Amelia reads him a bedtime story, or hoping to assuage his fears, she reads the part where the big bad wolf comes to an end. The final shot before the title screen lets us know that though Kent is a first time filmmaker, she has a knack for effective composition: An overhead view of mother and son on complete opposite edges of the bed, separated. In one shot, we know early on that The Babadook is, in part, about the strained relationship between a mother and a son. We’re set up to wonder at the source of the strain. Though Amelia is now awake, the nightmare continues. We soon learn why.
Amelia’s bad dream is symptomatic of having lived through a nightmare scenario. On the day that Sam was born, Amelia’s husband died while taking her to the hospital. Nearly seven years later, the tragic scenario has rendered Amelia’s and Sam’s family situation akin to a bare tree in the dead of winter—a significant image that recurs during the film. Their lives together have only withered.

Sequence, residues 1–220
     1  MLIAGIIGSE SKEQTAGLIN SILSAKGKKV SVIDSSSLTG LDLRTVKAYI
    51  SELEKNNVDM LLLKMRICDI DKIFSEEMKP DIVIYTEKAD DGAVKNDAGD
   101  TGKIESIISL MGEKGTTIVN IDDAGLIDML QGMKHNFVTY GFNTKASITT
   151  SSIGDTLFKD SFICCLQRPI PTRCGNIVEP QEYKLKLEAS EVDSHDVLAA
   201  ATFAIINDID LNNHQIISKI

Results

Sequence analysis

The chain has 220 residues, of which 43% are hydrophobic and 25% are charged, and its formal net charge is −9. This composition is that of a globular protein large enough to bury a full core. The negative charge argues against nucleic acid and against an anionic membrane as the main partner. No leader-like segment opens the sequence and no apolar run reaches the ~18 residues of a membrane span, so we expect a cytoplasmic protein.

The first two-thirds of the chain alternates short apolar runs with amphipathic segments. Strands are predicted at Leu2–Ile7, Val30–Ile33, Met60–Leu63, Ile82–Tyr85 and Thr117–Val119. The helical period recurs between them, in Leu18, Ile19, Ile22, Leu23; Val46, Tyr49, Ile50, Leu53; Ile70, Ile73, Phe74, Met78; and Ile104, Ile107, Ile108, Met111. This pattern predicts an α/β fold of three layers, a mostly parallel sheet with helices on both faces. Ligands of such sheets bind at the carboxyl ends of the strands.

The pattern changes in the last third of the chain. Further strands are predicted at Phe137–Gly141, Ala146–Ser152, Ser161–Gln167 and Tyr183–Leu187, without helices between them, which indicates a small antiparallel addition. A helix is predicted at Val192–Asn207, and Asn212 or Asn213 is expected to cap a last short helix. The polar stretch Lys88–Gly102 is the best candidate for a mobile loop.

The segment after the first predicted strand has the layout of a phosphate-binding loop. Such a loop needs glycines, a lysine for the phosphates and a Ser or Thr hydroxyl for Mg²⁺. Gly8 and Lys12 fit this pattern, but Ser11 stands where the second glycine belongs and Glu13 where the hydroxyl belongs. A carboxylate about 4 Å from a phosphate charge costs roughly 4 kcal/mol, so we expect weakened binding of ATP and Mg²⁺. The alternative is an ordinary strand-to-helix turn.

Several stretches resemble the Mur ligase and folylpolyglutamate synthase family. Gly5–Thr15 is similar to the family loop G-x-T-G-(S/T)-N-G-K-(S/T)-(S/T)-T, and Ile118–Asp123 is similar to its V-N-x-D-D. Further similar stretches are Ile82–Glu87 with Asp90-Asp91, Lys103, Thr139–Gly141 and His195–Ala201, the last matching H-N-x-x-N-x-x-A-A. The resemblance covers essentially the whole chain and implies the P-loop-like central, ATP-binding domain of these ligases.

The film’s first half focuses on Sam’s unstable behavior. Haunted by his own bad dreams, he never sleeps through the night. He’s fixated on protecting his fractured family against lurking monsters, even concocting weapons to ensure so. Like his mother’s nightmare suggests of her, Sam’s obsessive declaration that he’ll “smash the monster’s head in” suggests that he’s troubled by the loss that he’s been born into. School authorities and other parents are concerned for the wellbeing of their children when Sam’s around. He terrorizes others whose imaginations have been untouched by horror to the extent that his has.